43. Principle #4 We are unaware of our own level of inter-cultural sensitivity and skills Let’s look at Bennett’s Model.
  44. Changes must occur in three areas.
  45. Principle #5 Building inter-cultural communication skills is an ongoing, recursive process requiring cognitive, affective and procedural changes
  46. Proxemics (the study of distance in interaction) • Public (teacher to class) Traditional • Social (classmates Forms of chatting) Greeting • Personal (student asking teacher after class) • Intimate (friends in class whispering)
  47. Task • Look at the handout on intercultural paralinguistics. Share a story with a partner about any aspect. (4-5 minutes)
  48. Principle #6 Inter-cultural communication is the responsibility of each person involved. e.g. The ‘soft skills’ debate for newcomers.
  49. Principle 7 Inter-cultural communication necessitates a re-distribution of power. e.g. Some examples from Canadian history
  50. Task : Your Stories • Take 2 minutes and write down a few of your own stories from your life and work. • Share one with a neighbor. • Let’s all share a story from each side of the room.
  51. Break-Time • 10 minutes
  52. Intercultural communication is occurring and … Something has disturbed me Something has disturbed someone Something has disturbed the environment
  53. My Intercultural Life
  54. What Can Be Done To Improve ICC?
  55. A Balanced Approach Creating A Space In Between
  56. Creating a Space in Between Non-negotiable Negotiable Task Three: Part A
  57. Cultural Perspective Examining other cultures provides mirrors in which we can see ourselves – what the anthropologist Margaret Mead (1934) called “the looking-glass self”
  58. Development of ICC Competencies • Cognitive – e.g., knowledge of how different cultures tend to operate • Affective – e.g., awareness of how easily we can punish individuals and subvert our own goals when our cultural expectations are being violated • Psycho-motor – e.g., the ability to diagnose intercultural issues, to develop and implement strategies to improve ICC, and to assess the success of such strategies
  59. Hofstede’s Cultural Dimensions • Individualism to collectivism • Egalitarianism to power distance • Tolerance to avoidance of uncertainty • Competitiveness to harmony There are many cultural factors but breakdowns in communication are not always caused by cultural differences!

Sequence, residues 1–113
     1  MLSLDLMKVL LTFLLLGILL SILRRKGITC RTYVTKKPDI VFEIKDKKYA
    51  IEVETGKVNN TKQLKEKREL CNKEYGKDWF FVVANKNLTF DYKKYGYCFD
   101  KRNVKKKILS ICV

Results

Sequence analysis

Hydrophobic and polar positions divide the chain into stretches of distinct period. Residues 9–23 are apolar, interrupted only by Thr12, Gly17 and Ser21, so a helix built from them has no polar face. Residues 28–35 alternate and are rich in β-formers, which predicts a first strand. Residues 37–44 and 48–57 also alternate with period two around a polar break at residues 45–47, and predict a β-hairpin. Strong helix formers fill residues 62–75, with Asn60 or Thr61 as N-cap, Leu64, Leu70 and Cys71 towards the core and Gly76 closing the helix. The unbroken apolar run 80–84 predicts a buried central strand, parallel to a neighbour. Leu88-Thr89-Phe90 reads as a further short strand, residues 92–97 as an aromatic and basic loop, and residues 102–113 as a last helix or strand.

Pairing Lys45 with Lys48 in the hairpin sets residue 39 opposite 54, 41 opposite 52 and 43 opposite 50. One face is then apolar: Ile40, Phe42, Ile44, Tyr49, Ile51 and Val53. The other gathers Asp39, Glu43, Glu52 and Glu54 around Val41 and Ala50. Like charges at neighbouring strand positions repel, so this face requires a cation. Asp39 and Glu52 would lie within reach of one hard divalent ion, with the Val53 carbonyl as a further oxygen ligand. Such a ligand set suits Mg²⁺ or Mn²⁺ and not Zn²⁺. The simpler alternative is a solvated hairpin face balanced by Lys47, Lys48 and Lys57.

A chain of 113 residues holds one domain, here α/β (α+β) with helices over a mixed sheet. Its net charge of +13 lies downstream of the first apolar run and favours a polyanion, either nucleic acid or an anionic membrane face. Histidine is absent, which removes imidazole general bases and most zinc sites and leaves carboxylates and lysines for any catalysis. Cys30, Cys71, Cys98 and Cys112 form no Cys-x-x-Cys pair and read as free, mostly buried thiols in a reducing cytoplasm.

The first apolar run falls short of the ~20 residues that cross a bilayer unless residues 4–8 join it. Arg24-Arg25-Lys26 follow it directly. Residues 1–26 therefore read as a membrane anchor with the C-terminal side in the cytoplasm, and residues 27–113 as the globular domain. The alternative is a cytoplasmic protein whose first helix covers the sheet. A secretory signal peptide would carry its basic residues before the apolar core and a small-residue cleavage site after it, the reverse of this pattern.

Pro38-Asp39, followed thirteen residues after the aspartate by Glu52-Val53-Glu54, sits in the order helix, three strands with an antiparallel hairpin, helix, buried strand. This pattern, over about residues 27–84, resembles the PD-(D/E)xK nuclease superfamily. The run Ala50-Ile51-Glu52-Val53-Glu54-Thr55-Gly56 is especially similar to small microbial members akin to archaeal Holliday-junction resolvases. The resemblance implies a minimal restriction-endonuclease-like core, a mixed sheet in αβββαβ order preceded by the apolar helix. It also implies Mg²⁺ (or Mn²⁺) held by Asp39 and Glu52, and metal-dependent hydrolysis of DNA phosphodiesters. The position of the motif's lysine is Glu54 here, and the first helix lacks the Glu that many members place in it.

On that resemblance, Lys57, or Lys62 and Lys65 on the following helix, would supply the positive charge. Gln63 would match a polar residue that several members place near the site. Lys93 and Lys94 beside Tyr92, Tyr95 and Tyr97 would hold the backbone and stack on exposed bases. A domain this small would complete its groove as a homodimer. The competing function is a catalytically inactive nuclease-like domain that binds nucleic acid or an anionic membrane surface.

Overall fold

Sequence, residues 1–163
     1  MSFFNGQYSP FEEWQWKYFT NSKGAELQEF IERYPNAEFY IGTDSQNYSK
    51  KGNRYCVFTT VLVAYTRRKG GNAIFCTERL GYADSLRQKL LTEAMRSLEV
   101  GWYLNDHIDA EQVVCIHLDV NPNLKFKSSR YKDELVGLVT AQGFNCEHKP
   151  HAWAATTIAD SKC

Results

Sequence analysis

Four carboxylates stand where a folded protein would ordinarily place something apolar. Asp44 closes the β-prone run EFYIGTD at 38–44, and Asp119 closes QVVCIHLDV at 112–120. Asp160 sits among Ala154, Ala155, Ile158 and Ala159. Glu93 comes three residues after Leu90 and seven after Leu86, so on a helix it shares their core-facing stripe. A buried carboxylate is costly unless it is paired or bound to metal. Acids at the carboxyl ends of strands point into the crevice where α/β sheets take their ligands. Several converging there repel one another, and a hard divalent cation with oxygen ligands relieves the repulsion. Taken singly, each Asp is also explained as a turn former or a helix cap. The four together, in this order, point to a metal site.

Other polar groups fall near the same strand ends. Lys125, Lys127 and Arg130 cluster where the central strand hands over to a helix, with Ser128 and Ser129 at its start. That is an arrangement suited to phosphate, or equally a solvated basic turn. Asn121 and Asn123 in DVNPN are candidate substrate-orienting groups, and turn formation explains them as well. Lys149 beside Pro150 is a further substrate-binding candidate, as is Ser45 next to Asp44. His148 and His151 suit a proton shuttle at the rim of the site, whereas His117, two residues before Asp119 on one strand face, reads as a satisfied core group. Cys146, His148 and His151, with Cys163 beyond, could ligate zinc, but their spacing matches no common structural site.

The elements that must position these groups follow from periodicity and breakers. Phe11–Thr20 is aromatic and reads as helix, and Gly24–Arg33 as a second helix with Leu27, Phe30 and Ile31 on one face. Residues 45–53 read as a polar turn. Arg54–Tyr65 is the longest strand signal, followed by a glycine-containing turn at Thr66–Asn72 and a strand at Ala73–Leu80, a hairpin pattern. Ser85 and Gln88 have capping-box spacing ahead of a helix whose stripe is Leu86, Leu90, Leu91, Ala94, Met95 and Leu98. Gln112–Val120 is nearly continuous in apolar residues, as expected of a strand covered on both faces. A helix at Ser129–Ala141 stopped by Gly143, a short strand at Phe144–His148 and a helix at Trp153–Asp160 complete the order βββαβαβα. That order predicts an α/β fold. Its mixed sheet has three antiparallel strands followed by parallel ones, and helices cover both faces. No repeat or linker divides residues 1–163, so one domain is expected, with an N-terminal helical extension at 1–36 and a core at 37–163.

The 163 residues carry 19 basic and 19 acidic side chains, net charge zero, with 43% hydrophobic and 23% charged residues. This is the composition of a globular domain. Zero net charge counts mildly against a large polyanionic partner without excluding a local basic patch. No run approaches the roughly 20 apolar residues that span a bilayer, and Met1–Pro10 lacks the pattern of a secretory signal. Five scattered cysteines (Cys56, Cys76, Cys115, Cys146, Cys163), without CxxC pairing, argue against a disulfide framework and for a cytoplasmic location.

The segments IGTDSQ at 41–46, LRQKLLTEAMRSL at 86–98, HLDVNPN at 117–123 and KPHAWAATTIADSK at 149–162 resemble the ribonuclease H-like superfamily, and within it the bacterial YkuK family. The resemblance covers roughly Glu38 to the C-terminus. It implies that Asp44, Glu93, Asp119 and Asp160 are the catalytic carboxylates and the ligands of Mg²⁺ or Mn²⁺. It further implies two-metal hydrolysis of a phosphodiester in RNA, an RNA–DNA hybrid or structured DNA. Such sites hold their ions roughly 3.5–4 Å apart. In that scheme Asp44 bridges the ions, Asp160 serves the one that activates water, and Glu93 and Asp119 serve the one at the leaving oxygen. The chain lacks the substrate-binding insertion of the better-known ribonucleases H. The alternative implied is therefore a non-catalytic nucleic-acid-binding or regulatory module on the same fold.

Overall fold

60. Seven issues to consider when intercultural communication goes wrong: • Is it language? • Is it discourse? • Is it culture? • Is it the situation or context? • Is it a systemic barrier? – E.g., racism, discrimination, nationalism • Is it someone’s personality? • Is it me?
  61. Is it language? “You must not” versus “You don’t have to…” “impotent” versus “important”
  62. Is it discourse? How loud? How long? How passionate?
  63. Is it culture? • All the examples we’ve shared.
  64. Is it the situation or context? e.g. time available for a counseling session, # of students in class, lack of funding, economy etc.
  65. Is it a systemic barrier? – E.g., racism, discrimination, nationalism
  66. Is it someone’s personality? Is it someone’s head space at this time?
  67. Is it me? • My mom always said . . .
  68. Developing ICC Repair Strategies • Asking someone why they do something culturally can cause a defensive reaction – e.g., asking a Muslim why he does not shake hands with women or asking a Mennonite why they marry so early • “Why” questions can be seen as promoting potentially unfavorable comparisons and “otherness” • Therefore, we recommend an invitational approach that can create a dialogue and allow for shared meaning
  69. Repair Strategies: Seven Questions • What does <this> mean to you personally? • What does <this> mean to you as a member of your group? • What does <this> mean to your group? • What does <this> mean to the community where you live? • What does <this> mean to the society of the nation/country? • Do you know the history of this phenomenon? • If <this> does not happen, what would it mean to you (your group, your community, society)?
  70. Task: Using the Seven Questions • Take 5 minutes and ask a partner the questions about an intercultural idea or an non-negotiable that you don’t share ‘space’ on. • Let’s all share experiences – one from each side of the room.
  71. Summary • We have looked at examples of intercultural communication and some strategies and principles that can be learned. • We need to increase our ICC skills. • We need to determine and exemplify best practices in ICC in our programs.
  72. Inter-Cultural Communication Success • Everyone can experience • Everyone can contribute • Everyone can learn We need to demonstrate best practices. We will need ICC training in order to do so. Today is a great first step!
  73. Moving Forward • What are some things you will stop doing, re-consider doing, and start doing (3 of each) to help yourself and newcomers in our intercultural journey? • Compare your list with a partners.
  74. The Space in Between “Between even the closest human beings infinite distances exist yet a wonderful living side by side can grow, if they succeed in loving the distance between them which makes it possible for each to see the other whole against the sky.” Rainer Maria Rilke (1875-1926)